In between the lime green walls of this small storefront is a tiny taqueria with a big heart. Owned and operated by Rob Atherholt of Crescent Moon fame, the draw here is what's wrapped: tamales enrobed Mexico City-style in corn husks and stuffed with jalapenos and queso, mole con pollo and the best — puerco con salsa verde, a pulled pork in mild salsa made with tomatillos. An excellently seasoned and scrumptious carne asada taco is worth a taste, too, from chef Javier Romero, who also serves up something I hadn't tried on other area menus: a relleno taco made with a small, roasted poblano filled with Chihauhua cheese, then batter fried and wrapped inside a soft corn tortilla. It is a lesson in smoky good flavor, and a menu highlight. The salsa bar rocks, and the menu sports bebidas para los mayores. Yes — drinks for adults containing alcohol. Which is always fun when chomping on a taco.
Chris and Michele Sedgwick are no strangers to successful restaurants: their growing family includes Bistro VG, Aspens, Theo's Brother's Bakery and Vinny's. Pure is the couple's best, probably because it sports their fondness for Mexican culture and food. Eating here is relaxed, open and breezy, just like a day at the beach. And don't think this is just gringo grub: the short list of Mexican favorites includes excellent salsas and warm chips, genuine queso fundido with chorizo and jalapenos, Baja-style fish tacos, plus ceviche and mean margaritas. The din of the crowd makes it almost impossible to hear yourself chew, but hey, the craziness is all part of the fun. More Pure's are opening, too, since the couple has franchised the concept. Next up: Woodstock and Inman Park.
Lime doesn't look like a taqueria, and the menu is clearly one that goes beyond small tacos. The digs, including giant ceramic slices of limes lining the partition that separates the bar from the dining room, give a funky romper room feel — definitely not a typical taqueria. Candlelit tables are flanked with a couple of palm trees, and walls are bathed in bright green and yellow. Here, servers bring big, salty margaritas sloshing around in beautiful Mexican glassware, and they remove flatware with each course. Okay, this is most certainly not a taqueria. The menu over-reaches in spots, but Lime tries hard, and its smaller portions — an array of tacos, tamales and rarely seen goodies such as asado de panela (a grilled cheese without the bread, served here with sweet, smoky, roasted poblanos) — prove out. It's in little snacks like fancy gorditas of thick masa cakes stacked with savory beef, tomatoes, queso cotijo and a splendidly smoky roasted tomatillo salsa surrounded by squiggles of cilantro "pesto" — where big flavor bursts through.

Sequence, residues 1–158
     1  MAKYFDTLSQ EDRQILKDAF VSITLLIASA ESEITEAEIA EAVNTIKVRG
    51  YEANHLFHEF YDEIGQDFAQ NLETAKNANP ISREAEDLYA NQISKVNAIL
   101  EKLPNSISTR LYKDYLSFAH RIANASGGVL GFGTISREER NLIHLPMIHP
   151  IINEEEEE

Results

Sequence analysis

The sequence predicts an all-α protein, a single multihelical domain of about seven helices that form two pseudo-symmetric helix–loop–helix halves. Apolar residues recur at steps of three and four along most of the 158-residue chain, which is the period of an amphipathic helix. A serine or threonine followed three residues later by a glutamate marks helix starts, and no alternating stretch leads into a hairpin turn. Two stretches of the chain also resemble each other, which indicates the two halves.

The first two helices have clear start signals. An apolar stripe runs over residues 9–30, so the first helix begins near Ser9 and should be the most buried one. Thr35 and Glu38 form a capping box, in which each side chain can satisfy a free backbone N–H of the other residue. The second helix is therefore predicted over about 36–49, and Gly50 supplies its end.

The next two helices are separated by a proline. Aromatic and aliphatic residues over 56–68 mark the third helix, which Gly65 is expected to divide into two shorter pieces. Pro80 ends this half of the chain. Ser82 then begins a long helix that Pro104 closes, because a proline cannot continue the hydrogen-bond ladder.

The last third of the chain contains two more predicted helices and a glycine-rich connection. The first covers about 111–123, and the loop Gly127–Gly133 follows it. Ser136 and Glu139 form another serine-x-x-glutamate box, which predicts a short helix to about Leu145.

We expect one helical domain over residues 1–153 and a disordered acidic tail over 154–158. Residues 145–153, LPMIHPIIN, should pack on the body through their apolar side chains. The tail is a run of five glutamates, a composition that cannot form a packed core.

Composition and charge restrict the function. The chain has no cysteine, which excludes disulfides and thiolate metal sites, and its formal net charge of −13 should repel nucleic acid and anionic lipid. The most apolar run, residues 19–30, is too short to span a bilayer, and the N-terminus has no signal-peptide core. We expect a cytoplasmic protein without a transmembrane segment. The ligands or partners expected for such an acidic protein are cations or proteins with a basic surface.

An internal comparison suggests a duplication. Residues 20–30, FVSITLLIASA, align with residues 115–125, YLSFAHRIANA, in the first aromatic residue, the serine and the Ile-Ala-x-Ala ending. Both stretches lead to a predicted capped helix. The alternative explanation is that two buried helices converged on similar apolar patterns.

Fifth Group got an idea after it bought Sala, spruced it up, then closed it again: Why not hire a popular and respected local chef to design a casual menu, hire a talented sous chef to pull it off and goof up the surroundings enough to make Sala a lost memory? Dang if that's not just what they did. The menu, from Shaun Doty of Shaun's in Inman Park, offers a tad of authenticity and lots of approachability, while Savannah College of Art and Design students lent an artistic hand to a mural on the back wall that sports the life-sized face of Frida Kahlo (those eyebrows will get to you).It's a mishmash of Mexican dishes, with an emphasis on tacos and Mexican "pizza" — a gringo take on tlayudas. Things seem a little dumbed-down to be truly authentic, but the margaritas are the best in the city, and it's as much fun as you can have without getting into trouble.